I nearly told him, then. I was almost stung into blurting out my own brush with death, but I wasn’t ready and it isn’t the kind of thing you announce over coffee. ‘I heard myself left for dead, once’, doesn’t flow easily from ‘pass the sugar, please’, but some of the fantastical elements of Saxon’s Bane needed little imagination; fingertips probing my neck for a pulse, and “this one’s dead, too,” as I slipped away into a place mapped more by faiths than by science.

       That incident isn’t Saxon’s Bane, nor is it a story for this forum. You’re not reading, and I’m certainly not writing misery memoirs. But that brutal slice of personal history did allow me to craft a character emerging from trauma; he’s vulnerable, irrational, and emotionally incontinent, but he fights. Not out of courage, but of necessity. Even when the only weapon left to him is a bloody-minded refusal to let go, he fights. He’s the sort of guy who will keep fighting even when Allingley’s past comes crashing into the present, and all logic says ‘run’.

       “Ghosts and a near-death experience,” the Editor said. “Pure fantasy!”

       The irony is delicious. So here I am, people. I’m so pleased to be here, and thank you for taking me in. Another drink? You’re too kind, Sally. Perhaps a dry, white wine?

About Saxon's Bane

Saxon's Bane
Solaris, August 27, 2013
Mass Market Paperback, 416 pages

In a supernatural novel with echoes of Alan Garner and Kate Mosse, Geoffrey Gudgion chills the modern reader as the supernatural past invades the present.

Fergus Sheppard’s world changes for ever the day his car crashes near the remote village of Allingley. Traumatised by his near-death experience, he returns to thank the villagers who rescued him, and stays to work at the local stables as he recovers from his injuries. He will discover a gentler pace of life, fall in love – and be targeted for human sacrifice.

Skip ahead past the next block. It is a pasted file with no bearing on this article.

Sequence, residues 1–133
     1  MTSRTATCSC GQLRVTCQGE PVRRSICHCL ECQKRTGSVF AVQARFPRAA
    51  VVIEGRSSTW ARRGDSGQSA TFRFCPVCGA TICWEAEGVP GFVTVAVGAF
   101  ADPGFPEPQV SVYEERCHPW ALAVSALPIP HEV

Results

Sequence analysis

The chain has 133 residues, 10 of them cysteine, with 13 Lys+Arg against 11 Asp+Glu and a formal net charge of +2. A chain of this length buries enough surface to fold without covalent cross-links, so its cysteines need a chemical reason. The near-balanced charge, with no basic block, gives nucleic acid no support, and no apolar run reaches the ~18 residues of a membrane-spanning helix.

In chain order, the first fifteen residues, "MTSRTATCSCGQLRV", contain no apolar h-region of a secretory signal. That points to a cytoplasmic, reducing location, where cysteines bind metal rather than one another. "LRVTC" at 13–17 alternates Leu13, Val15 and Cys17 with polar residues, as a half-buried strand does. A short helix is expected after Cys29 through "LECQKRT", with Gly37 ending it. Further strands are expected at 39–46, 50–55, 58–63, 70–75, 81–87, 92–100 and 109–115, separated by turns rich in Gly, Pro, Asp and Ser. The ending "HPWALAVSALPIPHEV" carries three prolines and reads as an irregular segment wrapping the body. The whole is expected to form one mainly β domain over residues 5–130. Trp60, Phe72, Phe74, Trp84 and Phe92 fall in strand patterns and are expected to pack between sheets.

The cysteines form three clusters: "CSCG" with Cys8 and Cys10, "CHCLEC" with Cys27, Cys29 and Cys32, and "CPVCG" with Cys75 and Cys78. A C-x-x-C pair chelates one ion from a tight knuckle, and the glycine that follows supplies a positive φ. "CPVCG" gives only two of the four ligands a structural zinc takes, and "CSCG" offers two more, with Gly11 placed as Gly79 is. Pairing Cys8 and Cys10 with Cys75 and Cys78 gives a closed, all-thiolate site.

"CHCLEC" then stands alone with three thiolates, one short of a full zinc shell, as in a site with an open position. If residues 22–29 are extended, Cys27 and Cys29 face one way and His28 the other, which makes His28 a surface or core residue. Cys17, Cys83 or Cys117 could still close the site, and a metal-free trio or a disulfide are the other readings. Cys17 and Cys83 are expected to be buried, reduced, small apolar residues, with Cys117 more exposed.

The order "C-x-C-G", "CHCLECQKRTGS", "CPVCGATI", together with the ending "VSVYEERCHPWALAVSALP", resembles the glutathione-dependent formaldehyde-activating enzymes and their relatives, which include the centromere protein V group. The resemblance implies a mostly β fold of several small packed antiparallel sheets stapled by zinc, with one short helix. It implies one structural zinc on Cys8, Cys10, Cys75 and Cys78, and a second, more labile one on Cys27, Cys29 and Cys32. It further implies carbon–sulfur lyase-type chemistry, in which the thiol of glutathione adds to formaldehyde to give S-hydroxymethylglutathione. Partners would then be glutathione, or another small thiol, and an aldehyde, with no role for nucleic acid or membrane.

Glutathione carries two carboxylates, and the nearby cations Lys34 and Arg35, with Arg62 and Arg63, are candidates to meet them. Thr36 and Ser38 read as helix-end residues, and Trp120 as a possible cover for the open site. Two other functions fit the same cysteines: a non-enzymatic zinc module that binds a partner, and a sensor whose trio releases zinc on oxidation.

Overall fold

Clare Harvey’s life will never be the same either. The young archaeologist’s dream find – the peat-preserved body of a Saxon warrior – is giving her nightmares. She can tell that the warrior had been ritually murdered, and that the partial skeleton lying nearby is that of a young woman. And their tragic story is unfolding in her head every time she goes to sleep.

Fergus discovers that his crash is uncannily linked to the excavation, and that the smiling and beautiful countryside harbours some very dark secrets. As the pagan festival of Beltane approaches, and Clare’s investigation reveals the full horror of a Dark Age war crime, Fergus and Clare seem destined to share the Saxon couple’s bloody fate.

"Once there was a great classical tradition of rural British horror from MR James to The Wicker Man. Now Geoffrey Gudgion has revived the style and modernised it to great effect, proving there's still nothing as creepy as the countryside." Christopher Fowler

About Geoffrey

Geoffrey Gudgion was the scholarship boy who never realised he’d have been happier as a writer than a businessman. until, that is, he had a spectacular row with his boss and stepped off the corporate ladder. Prior to that epiphany, he made his first attempts at writing fiction during long deployments in the Royal Navy, and consistently failed to reconcile writing with being CEO of a technology company.